jones | kill | women |
Ann Jones' Women Who Kill
Women Who Kill: A Social History of Women Murderers in the U.S.A. from Colonial Times to the Present
Beacon Press. 1996
ISBN: 080706775X. Paper.
448 pages; $16.00.
"Lizzie Borden took an axe, and gave her father forty whacks. Then she took
another one, and gave her mother forty-one." Would the public forgive?
Perhaps, but it helped if you were a lady. The most famous murderess in
American history was found innocent in a court of law, in spite of both
motive and evidence. Jones' detailed analysis of each of the cases she
presents is as intriguing as a summary of a whodunit.
Lizzie's father, Andrew Borden, was a sullen and miserly man who forced
Lizzie and her sister to lead lives of social isolation and boredom totally
separated from the community in spite of her family's wealth and social
position. Although an heiress, Lizzie lived a poor girl's life. Still,
according to the defense, Lizzie had no motive, because no respectable,
well-brought-up daughter could murder her father for money. Lizzie was
presented to the jury as the epitome of godliness and cleanliness. For
an axe murder there was an astonishing lack of blood except for a miniscule
speck on Lizzie's petticoat, carefully explained by the defense as a trace
of Lizzie's monthly sickness which had ended the night before the murders.
After the murders, Lizzie was twice observed descending to the cellar where
a pailful of bloody towels was kept. However, respect for female modesty
prevented the discussion of menstruation in a courtroom, and the bloody
towels could not be used as evidence.
Ladies who appeared in courtrooms respectably dressed and tearful,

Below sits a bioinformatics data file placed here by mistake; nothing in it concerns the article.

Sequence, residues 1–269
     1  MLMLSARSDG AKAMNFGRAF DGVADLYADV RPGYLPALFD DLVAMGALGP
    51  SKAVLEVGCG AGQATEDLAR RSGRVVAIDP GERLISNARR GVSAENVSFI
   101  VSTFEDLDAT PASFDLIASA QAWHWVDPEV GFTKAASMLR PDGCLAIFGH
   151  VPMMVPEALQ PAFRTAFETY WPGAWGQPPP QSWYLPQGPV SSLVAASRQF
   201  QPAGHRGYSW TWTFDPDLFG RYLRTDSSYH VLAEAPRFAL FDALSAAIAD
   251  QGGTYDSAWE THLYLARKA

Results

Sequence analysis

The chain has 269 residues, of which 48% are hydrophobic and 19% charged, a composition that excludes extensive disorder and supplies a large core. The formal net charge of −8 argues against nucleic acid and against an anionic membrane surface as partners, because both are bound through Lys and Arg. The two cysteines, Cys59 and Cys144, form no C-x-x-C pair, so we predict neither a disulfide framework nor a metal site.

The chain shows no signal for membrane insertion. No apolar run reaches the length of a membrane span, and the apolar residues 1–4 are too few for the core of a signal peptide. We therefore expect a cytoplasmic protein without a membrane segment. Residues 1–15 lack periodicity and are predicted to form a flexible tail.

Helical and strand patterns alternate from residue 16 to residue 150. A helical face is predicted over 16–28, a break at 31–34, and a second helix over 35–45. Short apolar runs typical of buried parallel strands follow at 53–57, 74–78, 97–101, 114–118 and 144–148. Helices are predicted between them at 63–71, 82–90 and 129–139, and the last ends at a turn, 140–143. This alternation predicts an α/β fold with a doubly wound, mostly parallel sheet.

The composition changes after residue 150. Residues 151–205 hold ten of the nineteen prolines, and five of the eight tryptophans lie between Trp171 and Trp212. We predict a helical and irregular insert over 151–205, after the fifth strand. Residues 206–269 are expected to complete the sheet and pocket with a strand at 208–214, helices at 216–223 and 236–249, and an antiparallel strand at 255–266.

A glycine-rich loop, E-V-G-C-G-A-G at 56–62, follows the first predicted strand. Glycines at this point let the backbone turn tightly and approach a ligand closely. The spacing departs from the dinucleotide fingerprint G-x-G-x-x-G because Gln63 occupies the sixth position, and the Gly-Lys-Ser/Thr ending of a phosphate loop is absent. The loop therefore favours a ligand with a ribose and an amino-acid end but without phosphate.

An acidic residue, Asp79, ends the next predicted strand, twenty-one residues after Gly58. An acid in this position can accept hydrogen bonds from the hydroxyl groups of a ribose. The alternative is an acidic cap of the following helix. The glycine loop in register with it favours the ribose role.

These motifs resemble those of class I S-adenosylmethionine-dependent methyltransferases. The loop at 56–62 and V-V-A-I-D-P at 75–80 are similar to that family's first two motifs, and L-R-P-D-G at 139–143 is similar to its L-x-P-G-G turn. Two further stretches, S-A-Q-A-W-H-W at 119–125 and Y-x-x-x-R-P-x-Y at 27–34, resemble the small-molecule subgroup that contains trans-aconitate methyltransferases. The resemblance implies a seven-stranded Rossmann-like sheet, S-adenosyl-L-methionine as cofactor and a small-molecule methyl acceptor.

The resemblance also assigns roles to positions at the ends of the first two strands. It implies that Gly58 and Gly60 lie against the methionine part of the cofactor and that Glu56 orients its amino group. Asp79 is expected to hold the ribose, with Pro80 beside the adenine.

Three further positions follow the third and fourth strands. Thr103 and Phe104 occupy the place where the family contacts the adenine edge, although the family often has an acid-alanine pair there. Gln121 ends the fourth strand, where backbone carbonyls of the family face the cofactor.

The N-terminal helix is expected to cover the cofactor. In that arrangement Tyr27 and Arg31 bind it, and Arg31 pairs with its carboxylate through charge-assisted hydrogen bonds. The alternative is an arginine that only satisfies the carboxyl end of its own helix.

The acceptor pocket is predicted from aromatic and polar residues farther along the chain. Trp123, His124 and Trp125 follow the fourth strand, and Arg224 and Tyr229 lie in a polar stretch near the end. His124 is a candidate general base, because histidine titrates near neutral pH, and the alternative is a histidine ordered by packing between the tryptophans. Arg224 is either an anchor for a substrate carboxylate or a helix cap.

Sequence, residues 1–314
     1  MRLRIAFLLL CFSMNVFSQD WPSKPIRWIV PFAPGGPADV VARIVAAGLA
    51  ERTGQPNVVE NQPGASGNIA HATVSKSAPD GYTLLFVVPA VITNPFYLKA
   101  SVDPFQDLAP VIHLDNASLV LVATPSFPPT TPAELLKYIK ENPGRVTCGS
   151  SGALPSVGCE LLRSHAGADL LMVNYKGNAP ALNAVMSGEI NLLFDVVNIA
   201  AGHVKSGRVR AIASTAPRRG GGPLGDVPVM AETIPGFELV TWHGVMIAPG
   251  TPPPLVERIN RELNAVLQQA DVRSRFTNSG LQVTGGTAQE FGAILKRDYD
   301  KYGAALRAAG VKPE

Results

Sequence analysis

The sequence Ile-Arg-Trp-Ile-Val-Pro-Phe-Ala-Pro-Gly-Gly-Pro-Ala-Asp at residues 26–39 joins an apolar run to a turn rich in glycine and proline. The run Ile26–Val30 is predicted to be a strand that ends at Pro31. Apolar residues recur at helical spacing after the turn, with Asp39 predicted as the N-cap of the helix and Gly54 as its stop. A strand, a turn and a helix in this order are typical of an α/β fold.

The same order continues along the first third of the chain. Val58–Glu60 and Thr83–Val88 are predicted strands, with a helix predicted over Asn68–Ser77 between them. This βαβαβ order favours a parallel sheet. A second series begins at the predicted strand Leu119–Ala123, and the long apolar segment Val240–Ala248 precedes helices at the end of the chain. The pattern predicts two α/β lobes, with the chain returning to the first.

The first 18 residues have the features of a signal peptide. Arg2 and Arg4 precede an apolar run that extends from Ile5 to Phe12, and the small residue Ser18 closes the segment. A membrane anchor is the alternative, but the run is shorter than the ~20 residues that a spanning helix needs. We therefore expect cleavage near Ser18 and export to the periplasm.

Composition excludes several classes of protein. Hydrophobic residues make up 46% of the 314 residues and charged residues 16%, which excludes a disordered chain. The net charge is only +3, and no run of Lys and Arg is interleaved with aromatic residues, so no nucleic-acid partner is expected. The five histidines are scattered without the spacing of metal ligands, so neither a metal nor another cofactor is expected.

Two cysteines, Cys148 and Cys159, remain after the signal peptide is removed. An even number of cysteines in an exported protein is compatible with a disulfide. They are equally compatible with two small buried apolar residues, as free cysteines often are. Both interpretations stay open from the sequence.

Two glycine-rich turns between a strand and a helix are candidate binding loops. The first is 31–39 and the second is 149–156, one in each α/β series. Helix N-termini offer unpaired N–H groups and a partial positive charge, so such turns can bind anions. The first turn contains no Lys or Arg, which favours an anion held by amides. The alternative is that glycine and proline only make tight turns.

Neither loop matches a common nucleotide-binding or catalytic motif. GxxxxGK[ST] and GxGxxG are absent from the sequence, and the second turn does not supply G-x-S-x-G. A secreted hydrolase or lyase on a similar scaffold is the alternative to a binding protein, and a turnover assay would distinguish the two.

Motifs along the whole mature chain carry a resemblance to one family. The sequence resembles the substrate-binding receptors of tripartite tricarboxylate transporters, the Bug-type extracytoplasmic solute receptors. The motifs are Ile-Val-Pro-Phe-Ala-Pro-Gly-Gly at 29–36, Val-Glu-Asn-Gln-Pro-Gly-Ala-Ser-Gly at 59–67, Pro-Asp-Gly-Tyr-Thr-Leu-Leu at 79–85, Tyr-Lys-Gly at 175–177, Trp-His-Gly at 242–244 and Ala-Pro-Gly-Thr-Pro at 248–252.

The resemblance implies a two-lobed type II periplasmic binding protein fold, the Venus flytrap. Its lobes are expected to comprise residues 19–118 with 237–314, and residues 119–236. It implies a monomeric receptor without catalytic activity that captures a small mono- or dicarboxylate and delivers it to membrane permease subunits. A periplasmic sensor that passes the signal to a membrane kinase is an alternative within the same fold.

presenting an image of injured if foolish innocence were protected by
social taboos that were of no help for black women, sexually "loose" women,
or victims of rape and seduction, who were often punished more severely
than men guilty of similar crimes.
But no single case is more
provocative than the explanations for either conviction or acquittal as
a reflection of the social attitudes of the times.
The good, outwardly devoted wife could sometimes avoid being considered
a murderess, because no matter how difficult her life might be with a
husband who drank and gambled away all the money she managed to earn, it
was inconceivable that she would take matters into her own hands with the
easy weapon of poison.
Three defendants in famous poisoning cases were saved from punishment only
by what a prosecutor called the law's chivalry. In Jones' interpretation,
this unequal justice was a precarious prop for society's grand illusion
that men loved and protected women, and that women, by nature, in spite
of the most brutal treatment, still loved men. Any woman could easily
poison any man she lived with, but fathers and husbands could not act on
this fear, the fear of "household fiends." Denial was safer!
Denial, to mask the greater evil of the relations between the sexes,
permitted the lesser evil of the acquittal of the guilty. In our time,
until recently, wife-beating has been treated as a family quarrel, and
millions of wife-beaters have had little or no interference from the law.
Many battered women have repeatedly asked for help from the police and
some finally have been driven to kill. Jones has used her meticulous
research to demonstrate the effects of sexual stereotyping, class, and
race on the way society treats women who murder. Times have changes
somewhat, but the challenge still exists to unite honesty, fairness, and
compassion in the social attitudes which influence the law.
Phyllis Ehrenfeld has received the
Arnold Gingrich Award in prose for the most highly evaluated fellowship from
the New Jersey State Council for the Arts. She has been Editor of the
American Anorexia Bulima Association for ten years. Several of her plays
have been presented as staged readings in the Bergen County area.